An article was published in July. In October, a corrigendum was published to correct large sections of unattributed text. Two weeks later the journal and publisher received a complaint from a reader who accused the author of the published article of using text from an unpublished collaborative manuscript on which the published author was participating. This participation on the collaborative work was initiated and ongoing during the time that the manuscript was being prepared for publication at the journal. The unpublished collaborative work has not yet been published.
The reader requested retraction of the published article, with the possibility of a republication only when all collaborators of the unpublished work were in agreement with the article content.
The publisher and journal initiated the procedure outlined in the COPE flowchart 'Suspected plagiarism in a published manuscript'. The editor-in-chief has requested feedback from the published author on the reason for the large overlap in text.
Question(s) for the COPE Forum
• Should the publisher and journal publish an 'expression of concern' while continuing with the investigation?
• Is this the correct approach in this situation?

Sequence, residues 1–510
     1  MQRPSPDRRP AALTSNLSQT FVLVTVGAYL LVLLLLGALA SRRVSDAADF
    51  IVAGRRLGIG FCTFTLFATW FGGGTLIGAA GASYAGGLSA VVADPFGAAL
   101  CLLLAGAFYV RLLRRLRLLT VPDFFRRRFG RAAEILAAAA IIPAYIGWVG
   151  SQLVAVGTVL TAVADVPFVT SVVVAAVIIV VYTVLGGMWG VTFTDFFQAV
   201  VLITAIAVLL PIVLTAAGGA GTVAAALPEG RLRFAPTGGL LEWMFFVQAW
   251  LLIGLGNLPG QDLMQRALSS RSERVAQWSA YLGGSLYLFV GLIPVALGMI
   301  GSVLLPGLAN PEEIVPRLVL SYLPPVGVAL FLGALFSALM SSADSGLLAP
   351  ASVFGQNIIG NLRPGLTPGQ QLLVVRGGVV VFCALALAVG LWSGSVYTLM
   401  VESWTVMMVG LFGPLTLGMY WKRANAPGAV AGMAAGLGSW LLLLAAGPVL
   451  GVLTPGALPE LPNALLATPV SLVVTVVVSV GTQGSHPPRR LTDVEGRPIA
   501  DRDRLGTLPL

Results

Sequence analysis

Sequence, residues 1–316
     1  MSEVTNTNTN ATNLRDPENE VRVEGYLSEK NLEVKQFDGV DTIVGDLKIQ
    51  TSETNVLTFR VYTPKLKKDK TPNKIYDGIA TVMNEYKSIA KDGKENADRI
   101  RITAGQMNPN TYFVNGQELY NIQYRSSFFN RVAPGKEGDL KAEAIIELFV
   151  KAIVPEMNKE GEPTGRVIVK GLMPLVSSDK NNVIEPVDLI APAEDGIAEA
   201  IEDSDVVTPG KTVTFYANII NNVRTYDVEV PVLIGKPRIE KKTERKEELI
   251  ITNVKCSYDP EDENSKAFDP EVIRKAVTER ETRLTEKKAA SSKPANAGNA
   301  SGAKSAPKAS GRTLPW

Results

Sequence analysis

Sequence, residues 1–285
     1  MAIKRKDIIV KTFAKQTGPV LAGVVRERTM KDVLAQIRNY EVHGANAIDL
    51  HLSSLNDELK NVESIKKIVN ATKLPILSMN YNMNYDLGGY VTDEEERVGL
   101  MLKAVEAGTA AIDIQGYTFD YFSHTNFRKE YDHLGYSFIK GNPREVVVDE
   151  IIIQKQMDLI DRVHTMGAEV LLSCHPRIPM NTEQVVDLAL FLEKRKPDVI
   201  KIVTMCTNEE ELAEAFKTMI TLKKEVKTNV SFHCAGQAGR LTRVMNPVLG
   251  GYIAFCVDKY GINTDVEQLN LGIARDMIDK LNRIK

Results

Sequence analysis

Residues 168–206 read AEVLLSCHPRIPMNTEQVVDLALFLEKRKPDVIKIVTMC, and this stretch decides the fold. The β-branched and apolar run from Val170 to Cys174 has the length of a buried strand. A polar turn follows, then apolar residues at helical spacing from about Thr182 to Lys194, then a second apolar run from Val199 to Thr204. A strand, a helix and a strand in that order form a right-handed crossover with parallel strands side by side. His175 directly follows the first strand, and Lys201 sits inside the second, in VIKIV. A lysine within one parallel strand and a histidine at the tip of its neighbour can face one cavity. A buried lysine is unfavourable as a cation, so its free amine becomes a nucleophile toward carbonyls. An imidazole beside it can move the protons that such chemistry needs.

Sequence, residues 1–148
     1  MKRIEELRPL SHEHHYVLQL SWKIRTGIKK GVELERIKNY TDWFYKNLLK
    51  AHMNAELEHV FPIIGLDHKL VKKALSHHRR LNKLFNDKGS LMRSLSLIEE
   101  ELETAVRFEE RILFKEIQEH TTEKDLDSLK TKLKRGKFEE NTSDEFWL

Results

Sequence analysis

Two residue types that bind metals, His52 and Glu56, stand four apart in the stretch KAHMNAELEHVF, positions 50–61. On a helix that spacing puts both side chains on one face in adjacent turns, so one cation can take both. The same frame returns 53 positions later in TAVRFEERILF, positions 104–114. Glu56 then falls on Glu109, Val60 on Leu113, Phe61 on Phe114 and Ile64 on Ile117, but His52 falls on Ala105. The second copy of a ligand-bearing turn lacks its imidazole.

The editor told the Forum that she had checked the articles and the degree of overlap of text was nearly 20%. The Forum warned that percentages can be misleading, and the editor needs to look carefully at where the overlap occurred (in the introduction and methods may be fine, but it can be more problematic in the results or conclusion sections).
The institution(s) may need to be involved in this case.
The Forum would advise against an expression of concern on the article as these are generally used for ongoing unresolved cases. In this case, there is nothing proven or finalised —it may ‘end’ in a correction or a retraction. Hence it may be premature to publish an expression of concern and the editor should wait for a response from the authors. There is also the issue of the negative connotations of an expression of concern and/or stigma for the author, which may be unwarranted
A suggestion was for a less permanent ‘Editor’s note’ on the article for now, written in neutral terms.
As there seems to be clear grounds for self-plagiarism, the Forum would suggest consulting the COPE/BioMed Central guidelines on text recycling.
The journal’s review of the guidelines on text recycling led to the conclusion that the scientific content was not disputed, and in fact the article adds to the body of knowledge. Also, the text recycling was not in the discussion or conclusions but rather in the methodology. The journal decided not to publish an expression of concern or retract the publication. The editor considers the case closed.